Jessica Husbands: Hidden homelessness: Hidden from sight, from evidence, and hiding yourself



Hidden homelessness can mean being hidden from sight, it can mean hidden from evidence, and it can also mean hiding your true self in order to access services, explains Shelter Scotland’s policy advocacy officer Jessica Husbands.

Hidden [adj] 

  1. Being out of sight or not readily apparent; concealed
  2. Obscure, unexplained, undisclosed 

If you Google “homelessness”, you’ll inevitably find articles illustrated with pictures of people sleeping rough – curled up in doorways or on pavements in sleeping bags. While this is undeniably the sharp end of homelessness, if you’ve read any articles on this blog before, you’ll know that this is just the tip of the iceberg: homelessness extends far beyond rough sleeping.

Last week I attended the NHS Health Scotland and Shelter Scotland conference on the theme of hidden homelessness. The conference highlighted just how many forms of homelessness are in some way ‘hidden’, and how this concept extends far beyond what we might initially think. 

The first definition of hidden listed above relates to things that are out of sight or concealed. 

Normally, when we talk about hidden homelessness in the media, we mean people who are ‘sofa surfing’; that is, staying with friends or family in spare rooms, sofas, and on floors when they don’t have anywhere else to stay. People in this situation are ‘hidden’ because their homelessness is concealed from most people’s day to day life: we don’t walk past them on the street, and they’re not the people we picture when we think about homelessness. They have a roof over their head, but it’s not a home. 

Another form of homelessness which is out of sight is the large numbers of people staying in temporary accommodation. Scottish Government statistics show that 21,095 households entered temporary accommodation in the last year, and stayed there, on average, for around 6 months. This can be an incredibly trying and distressing time, as households experience a life in limbo, not able to settle down but still trying to go to work and take children to school as normal, often very far away from their support networks.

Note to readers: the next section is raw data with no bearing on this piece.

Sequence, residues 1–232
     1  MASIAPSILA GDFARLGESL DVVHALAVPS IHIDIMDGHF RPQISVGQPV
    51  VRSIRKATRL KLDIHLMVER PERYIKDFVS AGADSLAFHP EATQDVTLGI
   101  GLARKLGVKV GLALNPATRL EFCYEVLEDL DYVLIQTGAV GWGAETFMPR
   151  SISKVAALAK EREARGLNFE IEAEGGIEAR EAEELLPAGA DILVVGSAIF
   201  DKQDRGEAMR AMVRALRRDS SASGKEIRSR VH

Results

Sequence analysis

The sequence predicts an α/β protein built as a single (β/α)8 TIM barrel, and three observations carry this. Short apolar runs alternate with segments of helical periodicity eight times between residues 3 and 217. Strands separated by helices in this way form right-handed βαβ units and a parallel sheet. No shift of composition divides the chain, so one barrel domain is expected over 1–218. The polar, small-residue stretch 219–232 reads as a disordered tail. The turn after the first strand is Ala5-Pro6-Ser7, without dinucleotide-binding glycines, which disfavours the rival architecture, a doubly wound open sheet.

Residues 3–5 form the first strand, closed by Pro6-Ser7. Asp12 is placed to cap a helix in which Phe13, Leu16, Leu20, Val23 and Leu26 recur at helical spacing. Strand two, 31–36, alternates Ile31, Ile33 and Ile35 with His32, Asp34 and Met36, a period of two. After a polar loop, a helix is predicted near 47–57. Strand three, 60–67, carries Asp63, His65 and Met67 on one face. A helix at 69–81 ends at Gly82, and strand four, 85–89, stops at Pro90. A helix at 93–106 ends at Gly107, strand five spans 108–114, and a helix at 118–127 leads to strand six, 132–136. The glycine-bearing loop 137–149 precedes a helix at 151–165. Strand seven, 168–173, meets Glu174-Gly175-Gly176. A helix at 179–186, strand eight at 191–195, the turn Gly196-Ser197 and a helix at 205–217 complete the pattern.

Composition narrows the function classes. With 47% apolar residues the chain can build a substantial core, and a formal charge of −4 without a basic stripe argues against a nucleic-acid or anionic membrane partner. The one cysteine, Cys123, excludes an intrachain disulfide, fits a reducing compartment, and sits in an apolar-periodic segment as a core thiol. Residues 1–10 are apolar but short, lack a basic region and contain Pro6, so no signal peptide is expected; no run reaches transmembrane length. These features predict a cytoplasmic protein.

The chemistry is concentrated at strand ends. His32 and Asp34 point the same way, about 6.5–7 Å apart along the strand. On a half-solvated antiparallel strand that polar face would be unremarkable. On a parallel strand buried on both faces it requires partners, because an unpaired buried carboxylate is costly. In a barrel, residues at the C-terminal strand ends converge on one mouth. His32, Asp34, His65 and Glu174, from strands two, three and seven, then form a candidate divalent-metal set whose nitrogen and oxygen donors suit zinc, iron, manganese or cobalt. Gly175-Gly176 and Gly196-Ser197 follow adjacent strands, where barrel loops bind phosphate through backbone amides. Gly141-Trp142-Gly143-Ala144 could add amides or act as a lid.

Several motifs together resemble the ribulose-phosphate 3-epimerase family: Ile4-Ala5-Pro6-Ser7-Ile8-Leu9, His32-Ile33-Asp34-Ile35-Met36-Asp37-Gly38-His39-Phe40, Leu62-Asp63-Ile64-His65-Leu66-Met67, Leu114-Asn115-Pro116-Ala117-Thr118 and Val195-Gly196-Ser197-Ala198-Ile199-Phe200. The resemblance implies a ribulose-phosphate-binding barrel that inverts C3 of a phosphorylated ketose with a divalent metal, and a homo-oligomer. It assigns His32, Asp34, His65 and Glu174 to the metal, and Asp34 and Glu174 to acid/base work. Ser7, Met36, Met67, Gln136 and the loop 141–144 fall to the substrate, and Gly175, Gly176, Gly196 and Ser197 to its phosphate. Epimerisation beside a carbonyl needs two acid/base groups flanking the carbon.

The second definition of ‘hidden’ listed above refers to things which are undisclosed. I do a lot of work on the homelessness statistics. The official Government homelessness stats are a fantastic source of data, but we know that they don’t show the full picture, because not everyone applies as homeless. People experiencing every different kind of homelessness might not apply as homeless, either by choice (e.g. due to stigma or lack of trust in the system), or because they’re not able to (perhaps they don’t know that help is out there, they can’t afford to travel to the housing office, or the system isn’t set up in a way they’re able to engage with). 

There’s also people who are hidden in plain sight, as it were, within the statistics. Numbers can only tell us so much. When we talk about the official government statistics, we talk in terms of households. A whole household applies as homeless. That household might consist of one person, or it might consist of more. Data is collected about the lead member of the household – their age, gender etc. So, while we say that the most common group to become homeless is men or people aged 25-34, we actually mean that those groups are most likely to be the lead household member of a household applying as homeless. We know very little about other adult household members, or any children involved. 

Every year, we at Shelter Scotland do an additional stats request to find out the total numbers of unique adults and children in households who apply as homeless. Thanks to this, we know that in 2018-19, there were 14,043 children hidden within the headline statistics. 

Finally, the conference highlighted one dimension of hidden homelessness that I hadn’t previously considered: the way some people have to hide parts of themselves in order to access homelessness services. Catalina Martin spoke about LGBT+ homelessness, and Edith England presented her paper on homelessness among trans people in Wales. Edith England in particular highlighted how many of the people interviewed felt that homeless services were unable to meet their needs, and how there was a real lack of LGBT+ specific provision. 

This is just scratching the surface in terms of the ways a variety of people experiencing homelessness can be considered ‘hidden’, or have to hide their homelessness. But it raises the question: How can we expect to address all forms of homelessness, when we don’t even have a full picture of who is affected, and how homelessness impacts them?



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